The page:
D.C. Circuit Issues Opinion on Jurisdiction Under Section 210 of PURPA (Public Utility Regulatory Policies Act)
On December 2, 2014, the D.C. Circuit issued its decision in Midland Power Cooperative and National Rural Electric Cooperative Association v. Federal Energy Regulatory Commission, No. 13-1184, finding that it does not have jurisdiction to review Federal Energy Regulatory Commission (FERC) decisions under Section 210 of the Public Utility Regulatory Policies Act of 1978 (PURPA).
In the underlying FERC proceeding, the owners of a qualifying facility (QF) ceased paying their retail bill to Midland Power Cooperative, in response to a dispute between the QF and Midland over the proper avoided cost payment that the QF is entitled to under PURPA. After the QF ceased paying its retail bill to Midland, Midland disconnected the QF from its system, which had the effect of cutting off retail supply to the QF and ending Midland’s purchases from the QF. The QF owners filed notice of the disconnection with FERC and requested reconnection.
FERC determined that Section 210 of PURPA did not permit Midland to cease purchases and sales to the QF, and ordered Midland to reconnect with the QF for the purposes of resuming its obligations to purchase and sell power to the QF. However, FERC did not definitively decide the question of whether a QF’s failure to pay its retail bill is a sufficient basis for disconnecting from the QF. FERC rejected all requests for rehearing of its decision.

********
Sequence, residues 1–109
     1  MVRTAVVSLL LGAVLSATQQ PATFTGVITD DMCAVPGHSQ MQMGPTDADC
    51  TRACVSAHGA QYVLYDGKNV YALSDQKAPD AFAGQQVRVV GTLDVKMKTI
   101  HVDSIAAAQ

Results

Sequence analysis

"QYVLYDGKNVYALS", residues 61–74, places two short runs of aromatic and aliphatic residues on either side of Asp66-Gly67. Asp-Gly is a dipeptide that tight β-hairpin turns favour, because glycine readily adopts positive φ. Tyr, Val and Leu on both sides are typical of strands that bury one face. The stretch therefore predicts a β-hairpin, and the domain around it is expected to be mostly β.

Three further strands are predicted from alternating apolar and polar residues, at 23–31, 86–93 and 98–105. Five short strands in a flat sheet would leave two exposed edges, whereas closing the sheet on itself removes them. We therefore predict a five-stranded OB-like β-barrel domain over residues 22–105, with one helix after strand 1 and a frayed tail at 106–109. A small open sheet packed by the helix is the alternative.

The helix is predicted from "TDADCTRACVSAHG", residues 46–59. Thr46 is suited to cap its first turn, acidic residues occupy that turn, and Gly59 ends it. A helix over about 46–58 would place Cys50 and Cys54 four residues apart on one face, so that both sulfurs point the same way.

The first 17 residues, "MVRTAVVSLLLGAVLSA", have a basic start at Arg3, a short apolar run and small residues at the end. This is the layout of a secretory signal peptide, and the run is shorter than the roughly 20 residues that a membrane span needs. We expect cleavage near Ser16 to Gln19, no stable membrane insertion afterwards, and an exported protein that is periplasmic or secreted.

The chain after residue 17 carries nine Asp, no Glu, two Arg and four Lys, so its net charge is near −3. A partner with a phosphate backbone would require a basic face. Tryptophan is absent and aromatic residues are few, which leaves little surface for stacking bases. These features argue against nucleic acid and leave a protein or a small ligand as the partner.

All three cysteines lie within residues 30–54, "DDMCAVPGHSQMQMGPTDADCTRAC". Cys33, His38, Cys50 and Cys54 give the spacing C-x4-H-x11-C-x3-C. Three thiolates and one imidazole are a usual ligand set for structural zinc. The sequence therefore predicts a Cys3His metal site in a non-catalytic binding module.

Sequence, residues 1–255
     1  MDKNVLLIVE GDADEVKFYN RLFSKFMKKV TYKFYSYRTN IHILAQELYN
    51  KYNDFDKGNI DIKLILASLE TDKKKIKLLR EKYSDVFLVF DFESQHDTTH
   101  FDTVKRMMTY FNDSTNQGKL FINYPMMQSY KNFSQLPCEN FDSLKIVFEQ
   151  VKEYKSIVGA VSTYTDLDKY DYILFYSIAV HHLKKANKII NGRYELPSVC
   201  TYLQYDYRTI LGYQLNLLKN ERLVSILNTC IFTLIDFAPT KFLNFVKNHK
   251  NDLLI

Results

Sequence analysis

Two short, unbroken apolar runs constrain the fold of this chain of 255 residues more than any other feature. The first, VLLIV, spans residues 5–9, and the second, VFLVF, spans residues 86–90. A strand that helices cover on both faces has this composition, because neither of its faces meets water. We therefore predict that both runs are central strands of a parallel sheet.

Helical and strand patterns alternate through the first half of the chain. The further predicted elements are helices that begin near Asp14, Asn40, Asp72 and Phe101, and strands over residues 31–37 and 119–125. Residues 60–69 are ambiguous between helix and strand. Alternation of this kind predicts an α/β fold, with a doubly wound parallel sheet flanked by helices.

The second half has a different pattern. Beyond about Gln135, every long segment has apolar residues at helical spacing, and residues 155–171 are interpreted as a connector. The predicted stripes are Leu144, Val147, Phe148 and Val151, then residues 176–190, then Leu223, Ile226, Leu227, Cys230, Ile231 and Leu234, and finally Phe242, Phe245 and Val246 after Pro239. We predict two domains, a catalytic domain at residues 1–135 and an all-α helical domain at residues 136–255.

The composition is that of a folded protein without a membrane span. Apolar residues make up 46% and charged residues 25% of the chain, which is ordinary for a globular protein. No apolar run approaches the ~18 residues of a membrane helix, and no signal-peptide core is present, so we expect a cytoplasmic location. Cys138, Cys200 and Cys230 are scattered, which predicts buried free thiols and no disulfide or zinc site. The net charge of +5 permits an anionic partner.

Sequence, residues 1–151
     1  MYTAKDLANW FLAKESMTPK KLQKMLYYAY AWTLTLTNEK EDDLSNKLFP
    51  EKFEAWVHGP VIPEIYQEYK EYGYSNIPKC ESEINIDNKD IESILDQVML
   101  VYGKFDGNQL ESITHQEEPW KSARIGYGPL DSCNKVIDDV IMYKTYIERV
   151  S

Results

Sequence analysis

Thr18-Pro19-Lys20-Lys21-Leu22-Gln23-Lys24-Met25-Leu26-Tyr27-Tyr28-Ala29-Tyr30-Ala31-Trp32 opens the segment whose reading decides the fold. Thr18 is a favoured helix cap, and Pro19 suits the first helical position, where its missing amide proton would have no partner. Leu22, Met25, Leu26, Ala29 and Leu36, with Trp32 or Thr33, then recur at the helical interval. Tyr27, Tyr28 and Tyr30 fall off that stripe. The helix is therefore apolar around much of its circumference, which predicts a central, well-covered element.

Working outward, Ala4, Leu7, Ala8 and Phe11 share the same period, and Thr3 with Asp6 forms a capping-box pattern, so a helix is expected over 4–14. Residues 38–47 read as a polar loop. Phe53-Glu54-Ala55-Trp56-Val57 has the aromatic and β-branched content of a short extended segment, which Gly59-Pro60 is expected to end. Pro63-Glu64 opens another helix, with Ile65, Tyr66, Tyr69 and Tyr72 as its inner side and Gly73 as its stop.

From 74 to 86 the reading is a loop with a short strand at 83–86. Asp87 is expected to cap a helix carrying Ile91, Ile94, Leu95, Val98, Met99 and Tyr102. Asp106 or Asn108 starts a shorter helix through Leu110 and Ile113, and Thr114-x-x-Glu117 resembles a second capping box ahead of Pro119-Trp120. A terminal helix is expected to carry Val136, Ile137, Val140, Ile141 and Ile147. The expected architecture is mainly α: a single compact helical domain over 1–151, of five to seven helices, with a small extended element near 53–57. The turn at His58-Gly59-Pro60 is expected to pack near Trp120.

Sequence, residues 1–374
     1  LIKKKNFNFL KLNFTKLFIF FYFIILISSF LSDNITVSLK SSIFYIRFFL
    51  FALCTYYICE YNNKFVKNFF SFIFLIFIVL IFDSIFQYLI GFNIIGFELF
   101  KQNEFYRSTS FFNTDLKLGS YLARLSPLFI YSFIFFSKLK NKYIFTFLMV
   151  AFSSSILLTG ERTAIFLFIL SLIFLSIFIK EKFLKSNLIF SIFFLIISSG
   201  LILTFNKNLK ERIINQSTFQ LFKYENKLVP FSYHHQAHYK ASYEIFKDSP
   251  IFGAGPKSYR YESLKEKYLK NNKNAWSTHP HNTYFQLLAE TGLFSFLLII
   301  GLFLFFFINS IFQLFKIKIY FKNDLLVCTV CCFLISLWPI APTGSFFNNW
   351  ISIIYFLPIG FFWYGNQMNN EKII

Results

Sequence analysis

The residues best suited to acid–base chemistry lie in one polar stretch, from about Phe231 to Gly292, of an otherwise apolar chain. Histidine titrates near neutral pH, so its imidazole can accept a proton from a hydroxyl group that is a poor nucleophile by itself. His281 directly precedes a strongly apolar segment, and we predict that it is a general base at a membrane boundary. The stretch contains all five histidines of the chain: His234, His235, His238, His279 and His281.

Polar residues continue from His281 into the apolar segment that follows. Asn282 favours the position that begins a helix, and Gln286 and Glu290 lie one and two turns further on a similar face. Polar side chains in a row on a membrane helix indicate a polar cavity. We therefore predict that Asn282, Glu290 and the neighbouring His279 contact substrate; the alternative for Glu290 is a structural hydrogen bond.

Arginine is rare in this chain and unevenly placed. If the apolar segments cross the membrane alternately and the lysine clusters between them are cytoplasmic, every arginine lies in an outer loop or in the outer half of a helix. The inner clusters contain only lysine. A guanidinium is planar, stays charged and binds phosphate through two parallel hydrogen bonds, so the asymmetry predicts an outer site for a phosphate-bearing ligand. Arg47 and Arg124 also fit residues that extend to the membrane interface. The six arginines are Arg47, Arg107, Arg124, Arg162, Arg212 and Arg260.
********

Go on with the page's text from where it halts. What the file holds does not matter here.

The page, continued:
Midland appealed the FERC’s decision to the U.S. Court of Appeals for the D.C. Circuit. The D.C. Circuit held that it does not have jurisdiction to review this decision because it falls under Section 210 of PURPA, not Section 313 of the Federal Power Act (FPA). The D.C. Circuit reasoned that the Section 313 of the FPA expressly limits judicial review to proceedings under the FPA, and Section 210 of PURPA is not part of the FPA. PURPA, rather, leaves enforcement of Section 210 to the district court, subject to review in the relevant Court of Appeals. The D.C. Circuit acknowledged that it had reviewed FERC decisions under Section 210 of PURPA, but emphasized that none of those decisions mentioned the issue of jurisdiction, and therefore they did not have any precedential value to the instant proceeding.
FERC’s Order on Rehearing: